At the Black Hat hacker conference in Las Vegas last month, a security consultant demonstrated a hack of such a passport and also described a relatively simple and inexpensive process for cloning one. The demonstration troubled many who have questioned the necessity for RFID technology, which transmits data wirelessly, in such personal documents.
The state's response, of course, is that the inclusion of RFID is only one more link in the chain of identify verification(and, supposedly, protection):
The State Department, however, highlighted its "multi-layered" approach to protecting the new e-passports and mitigating the chances of the electronic data being "skimmed" -- i.e., intercepted or stolen.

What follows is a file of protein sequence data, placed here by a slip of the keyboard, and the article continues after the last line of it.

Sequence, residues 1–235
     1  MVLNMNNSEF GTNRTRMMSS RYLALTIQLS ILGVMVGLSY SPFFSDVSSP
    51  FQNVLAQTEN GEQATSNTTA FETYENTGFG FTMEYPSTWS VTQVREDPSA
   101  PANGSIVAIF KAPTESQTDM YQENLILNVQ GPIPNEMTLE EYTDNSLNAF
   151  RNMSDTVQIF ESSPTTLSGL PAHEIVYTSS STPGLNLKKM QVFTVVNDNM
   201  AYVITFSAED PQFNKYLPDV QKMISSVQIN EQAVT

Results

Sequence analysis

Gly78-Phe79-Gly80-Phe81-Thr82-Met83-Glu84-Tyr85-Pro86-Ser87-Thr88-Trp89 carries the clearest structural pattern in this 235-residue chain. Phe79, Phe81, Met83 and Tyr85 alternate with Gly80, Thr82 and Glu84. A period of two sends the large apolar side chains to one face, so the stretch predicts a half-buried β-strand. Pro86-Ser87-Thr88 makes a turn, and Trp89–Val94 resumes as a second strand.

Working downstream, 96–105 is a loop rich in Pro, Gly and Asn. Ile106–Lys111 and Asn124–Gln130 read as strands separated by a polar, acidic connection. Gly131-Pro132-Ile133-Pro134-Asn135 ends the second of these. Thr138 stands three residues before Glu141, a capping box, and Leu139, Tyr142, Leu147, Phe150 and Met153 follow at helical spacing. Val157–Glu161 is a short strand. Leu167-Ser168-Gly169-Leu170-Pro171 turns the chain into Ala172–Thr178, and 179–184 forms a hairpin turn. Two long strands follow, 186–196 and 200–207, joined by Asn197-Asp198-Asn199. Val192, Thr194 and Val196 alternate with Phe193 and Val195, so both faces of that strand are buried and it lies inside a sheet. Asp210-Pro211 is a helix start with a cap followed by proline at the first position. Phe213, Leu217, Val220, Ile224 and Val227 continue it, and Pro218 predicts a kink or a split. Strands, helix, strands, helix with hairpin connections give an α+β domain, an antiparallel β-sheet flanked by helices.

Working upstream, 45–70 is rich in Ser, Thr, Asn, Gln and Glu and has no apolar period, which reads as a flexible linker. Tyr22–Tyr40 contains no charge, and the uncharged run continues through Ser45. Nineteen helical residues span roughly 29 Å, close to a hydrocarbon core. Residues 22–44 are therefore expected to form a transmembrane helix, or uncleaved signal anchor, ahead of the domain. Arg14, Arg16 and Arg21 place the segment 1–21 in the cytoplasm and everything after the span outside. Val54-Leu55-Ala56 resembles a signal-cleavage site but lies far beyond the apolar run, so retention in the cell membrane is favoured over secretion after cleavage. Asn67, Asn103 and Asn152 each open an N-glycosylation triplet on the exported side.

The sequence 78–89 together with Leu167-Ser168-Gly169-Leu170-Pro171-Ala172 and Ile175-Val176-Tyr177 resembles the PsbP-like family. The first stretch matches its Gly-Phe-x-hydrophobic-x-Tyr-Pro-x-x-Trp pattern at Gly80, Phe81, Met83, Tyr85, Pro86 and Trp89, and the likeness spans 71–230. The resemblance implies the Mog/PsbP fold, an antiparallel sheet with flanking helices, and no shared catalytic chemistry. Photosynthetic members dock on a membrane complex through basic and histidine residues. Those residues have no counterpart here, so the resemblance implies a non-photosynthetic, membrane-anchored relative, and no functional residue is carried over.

Supposedly, the new passports can't be read anywhere other than where you'd want them to be read, as they have RF-shielding metal embedded into the cover of the book, preventing someone from, say, scanning your wallet or purse. This was a big concern a few years back. The new passports also feature a security key and a randomization function that will make it difficult to track any one particular individual's movements. There's more to it, and though many people will be skeptical for years to come, any technology is open to exploit. Some say the nature of RFID lends itself to unattended check ins, which could be a detriment to safety. Can't please everyone.